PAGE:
However, at times when threads are stalled, a single-threaded processor would otherwise operate more efficiently by comparison and there are conditions under which the predictability of single-threaded execution is preferred, such as when processing must complete for a single task within an allotted time span.
It is therefore desirable to provide an SMT processor that can provide the advantages of a single-threaded processor and a multi-threaded processor. It is further desirable to provide a method and logical apparatus for managing thread execution within such a processor.
The objectives of providing a processor combining the advantages of a single-threaded processor and a multi-threaded processor along with management of thread execution are provided in a simultaneous multi-threaded (SMT) processor incorporating thread management logic and a method of thread management that manage transitions between single-threaded operation and multi-threaded operation. The processor includes a control unit that receives an instruction indicating a thread mode switch and halts execution of all threads running on the processor. A thread enable register indicating an enable state for multiple threads is written by the thread mode switch instruction to determine what threads are selected for further execution and the processor then starts one or more threads in conformity with the thread enable state.
The foregoing and other objectives, features, and advantages of the invention will be apparent from the following, more particular, description of the preferred embodiment of the invention, as illustrated in the accompanying drawings.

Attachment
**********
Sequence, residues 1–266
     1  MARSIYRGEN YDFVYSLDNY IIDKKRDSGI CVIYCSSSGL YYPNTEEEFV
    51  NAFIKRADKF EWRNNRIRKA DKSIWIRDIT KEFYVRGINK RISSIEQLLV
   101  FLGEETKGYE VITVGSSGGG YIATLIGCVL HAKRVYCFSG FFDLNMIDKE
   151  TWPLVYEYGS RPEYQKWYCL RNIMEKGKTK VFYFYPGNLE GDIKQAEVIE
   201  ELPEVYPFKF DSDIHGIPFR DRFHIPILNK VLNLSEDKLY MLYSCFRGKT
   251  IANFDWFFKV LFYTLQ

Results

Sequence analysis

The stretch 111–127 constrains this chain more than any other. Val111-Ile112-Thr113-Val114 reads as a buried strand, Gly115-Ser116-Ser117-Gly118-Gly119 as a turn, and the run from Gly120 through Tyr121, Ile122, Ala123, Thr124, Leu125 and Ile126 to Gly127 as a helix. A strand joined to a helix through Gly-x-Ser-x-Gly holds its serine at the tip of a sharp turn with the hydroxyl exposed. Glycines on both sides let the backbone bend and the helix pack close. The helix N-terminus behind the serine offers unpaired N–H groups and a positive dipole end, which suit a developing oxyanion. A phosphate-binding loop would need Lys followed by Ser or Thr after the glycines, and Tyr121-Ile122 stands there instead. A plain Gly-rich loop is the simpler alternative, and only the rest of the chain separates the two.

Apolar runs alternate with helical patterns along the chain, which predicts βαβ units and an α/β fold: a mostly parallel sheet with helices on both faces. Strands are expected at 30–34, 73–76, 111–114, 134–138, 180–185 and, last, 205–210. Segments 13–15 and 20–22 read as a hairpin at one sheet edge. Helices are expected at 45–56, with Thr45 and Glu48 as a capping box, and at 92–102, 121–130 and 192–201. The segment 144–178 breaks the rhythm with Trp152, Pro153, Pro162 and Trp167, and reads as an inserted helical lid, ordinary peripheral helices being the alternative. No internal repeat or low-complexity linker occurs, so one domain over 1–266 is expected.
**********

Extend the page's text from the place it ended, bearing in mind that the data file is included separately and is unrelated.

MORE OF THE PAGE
The novel features believed characteristic of the invention are set forth in the appended claims. The invention itself, however, as well as a preferred mode of use, further objectives, and advantages thereof, will best be understood by reference to the following detailed description of an illustrative embodiment when read in conjunction with the accompanying drawings, wherein like reference numerals indicate like components, and:
With reference now to the figures, and in particular with reference to
Within processor group 5 are a plurality of processors 30A–D, generally fabricated in a single unit and including a plurality of processor cores 10A and 10B coupled to an L2 cache 32 and a memory controller 4. Cores 10A and 10B provide instruction execution and operation on data values for general-purpose processing functions. Bridge 37, as well as other bridges within the system provide communication over wide buses with other processor groups and bus 35 provide connection of processors 30A–D, bridge 37, peripherals 34, L3 cache 36 and system local memory 38. Other global system memory may be coupled external to bridge 37 for symmetrical access by all processor groups.
Processor cores 10A and 10B are simultaneous multi-threaded (SMT) processors capable of concurrent execution of multiple threads. Processor cores 10A and 10B further support a single-threaded operating mode for efficient execution of a single thread when program execution conditions dictate single threaded operation, e.g., when high-priority program execution must be completed by a known time, or when one thread in a multi-threaded processor is known to be idle. Multi-threading introduces some inefficiencies over full-time execution of a single-thread, but overall there is a system efficiency advantage as threads are often idle waiting on other tasks to complete. Therefore transitioning between single-threaded and multi-threaded mode provides an advantage in adapting to one or more of the above-described conditions, and embodiments of the present invention provide accounting for processor time in a manner consistent with a processor that provides processor time accounting responsive to such transitions.